Here’s How to Find Majestic Eagles in South Carolina!
If you’re a proud American, you are undoubtedly familiar with the country’s national symbol – the eagle. As it embodies America’s strength and freedom, you will definitely spot this regal bird in your nation’s sky.
So, if you’re wondering whether you will find eagles in South Carolina, the answer is yes! There are commonly two types of eagles that can be seen in this state. Let’s get right into the details.
Are There Eagles in South Carolina?
In North America, there are four species of eagles that can be found. Out of those types, you will find two of those right in South Carolina.
We have listed out the two kinds of eagles you will see in the Palmetto state. Eagles are pretty easy to recognize, but here are more details so that you can identify their type instantly.
Types of Eagles in South Carolina
These are the two species of eagles that are seen in South Carolina:
- Bald Eagle (Haliaeetus leucocephalus)
- Golden Eagle (Aquila chrysaetos)
Eagle Species Profile and Details
You now know what regal birds you have in your state, but here are further characteristics of this bird of prey.
1. Bald Eagle (Haliaeetus leucocephalus)
Quick Species Profile
- Length: 28 – 40 inches
- Weight: 6.6 – 13.9 lbs.
- Wingspan: 5 feet – 7 feet
- Commonly found in: North America (all over South Carolina and Alaska)
The bald eagle is most commonly distinguished by its special plumage color – a white head and dark brown body. White feathers covering the head are how the bird got its name having “bald” in it.
Bald eagles have striking yellow beaks, eyes, and talons. So, such a bird flying in the skies of your state will surely be hard to miss!
Although bald eagles are one of the most easily recognizable birds, they don’t develop their signature light and dark feather colors from birth.
Young bald eagles are overall brownish in color, with dark brown and white streaks all over. It can take up to five years for these raptors to get their distinguishable white head and dark brown body.
These raptors are extremely territorial and can get very aggressive during their mating seasons. So if you see a bald eagle in your area, it is best to observe it from a distance and not bother it, as it likes its space and can attack humans if disrupted.
It might seem like these birds would eat anything that comes their way. But you will be surprised to know that bald eagles eat mostly fish, and only a small portion of their diet consists of smaller mammals and birds.
A bald eagle can hold up to nearly four times its overall body weight! So when it is said that eagles signify strength, the statement is serious for sure. Female bald eagles are significantly larger than males, up to about 25% bigger.
Nests of bald eagles are known to be the biggest among all bird species in America. The largest one recorded was in Florida, which spanned a 10 feet diameter and stood 20 feet tall.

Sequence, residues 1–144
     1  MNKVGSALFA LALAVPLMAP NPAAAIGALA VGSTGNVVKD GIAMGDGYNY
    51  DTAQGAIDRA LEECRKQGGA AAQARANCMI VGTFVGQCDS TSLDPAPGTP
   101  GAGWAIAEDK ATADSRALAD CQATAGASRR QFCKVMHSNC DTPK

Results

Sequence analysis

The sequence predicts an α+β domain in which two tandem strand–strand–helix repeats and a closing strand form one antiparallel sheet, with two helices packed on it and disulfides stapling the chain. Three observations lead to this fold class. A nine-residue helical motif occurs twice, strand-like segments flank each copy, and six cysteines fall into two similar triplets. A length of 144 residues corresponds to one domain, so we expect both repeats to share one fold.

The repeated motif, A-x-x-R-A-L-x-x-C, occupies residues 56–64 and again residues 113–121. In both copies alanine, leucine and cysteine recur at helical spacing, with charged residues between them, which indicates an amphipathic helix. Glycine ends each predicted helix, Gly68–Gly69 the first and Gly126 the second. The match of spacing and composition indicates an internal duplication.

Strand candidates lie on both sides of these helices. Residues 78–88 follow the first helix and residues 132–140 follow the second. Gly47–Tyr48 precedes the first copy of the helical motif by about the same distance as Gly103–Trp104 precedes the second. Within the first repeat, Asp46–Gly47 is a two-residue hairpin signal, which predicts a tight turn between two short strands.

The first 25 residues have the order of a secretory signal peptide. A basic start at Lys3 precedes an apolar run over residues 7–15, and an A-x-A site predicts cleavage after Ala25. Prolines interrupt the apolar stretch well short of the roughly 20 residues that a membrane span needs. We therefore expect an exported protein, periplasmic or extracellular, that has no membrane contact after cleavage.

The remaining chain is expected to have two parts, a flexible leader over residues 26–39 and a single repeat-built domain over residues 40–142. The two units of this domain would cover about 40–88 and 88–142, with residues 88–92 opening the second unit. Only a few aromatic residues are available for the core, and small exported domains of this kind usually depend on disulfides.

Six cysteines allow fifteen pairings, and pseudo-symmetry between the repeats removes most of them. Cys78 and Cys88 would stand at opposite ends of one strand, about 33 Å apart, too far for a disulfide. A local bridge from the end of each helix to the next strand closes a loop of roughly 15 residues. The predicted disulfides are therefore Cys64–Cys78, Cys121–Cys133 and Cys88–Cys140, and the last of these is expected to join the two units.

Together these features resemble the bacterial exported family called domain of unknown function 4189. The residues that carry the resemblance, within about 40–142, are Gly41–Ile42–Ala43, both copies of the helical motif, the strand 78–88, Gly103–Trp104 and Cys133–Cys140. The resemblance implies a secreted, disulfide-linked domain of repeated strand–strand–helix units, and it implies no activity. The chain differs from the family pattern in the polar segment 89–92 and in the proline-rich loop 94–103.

2. Golden Eagle (Aquila chrysaetos)
Quick Species Profile
- Length: 27 – 38 inches
- Weight: 6.2 – 14.8 lbs.
- Wingspan: 72 – 96 inches
- Commonly found in: North America, Alaska, and Mexico.
The golden eagle gets its name from the ring of shiny gold feathers around the neck area. Dark brown to almost black plumage covers the body. They have a long beak that is curved at the tip, with a yellow cere and dark grey point.
There is a line of white feathers on the tail, with a black band at the end.
The golden eagle is one the largest raptors and has claws bigger than that of an adult human’s closed palm. Not only are they huge in size, but golden eagles are also one of the best fliers among eagle species. While hunting, they can glide at a speed of 120 miles per hour.
These raptors usually like to hunt in pairs and typically prey on small mammals such as rabbits and prairie dogs. Sometimes they go for larger animals like swans and even cows.
Golden eagles are stubborn creatures and cannot easily be tamed. Training these large raptors can take up to 5 years.
Golden eagles build very large nests, with the largest one recorded to be over 8 feet wide and 20 feet tall. These eagles can rotate their head up to 270 degrees, almost like owls can.
Where Do Eagles Migrate During Winter?
Similar to all other birds and raptors, bald eagles and golden eagles will travel to different zones as seasons change. They will fly to wherever is suitable for searching for food or for mating.
Here’s a table of the range maps according to species of where falcons migrate to in winter and year-round.
|Species Name||Winter Migration to||Year-round availability|
|Bald eagle||Mississippi river valley||Alaska|
|Golden eagle||Southern Canada||Alaska, Mexico|
Eagles are undoubtedly the most majestic raptors, so you’re in luck if you live in South Carolina. Two of the most royal types of eagles reside in your area – so what are you waiting for? Go right on out with your binoculars and camera, and capture those beauties!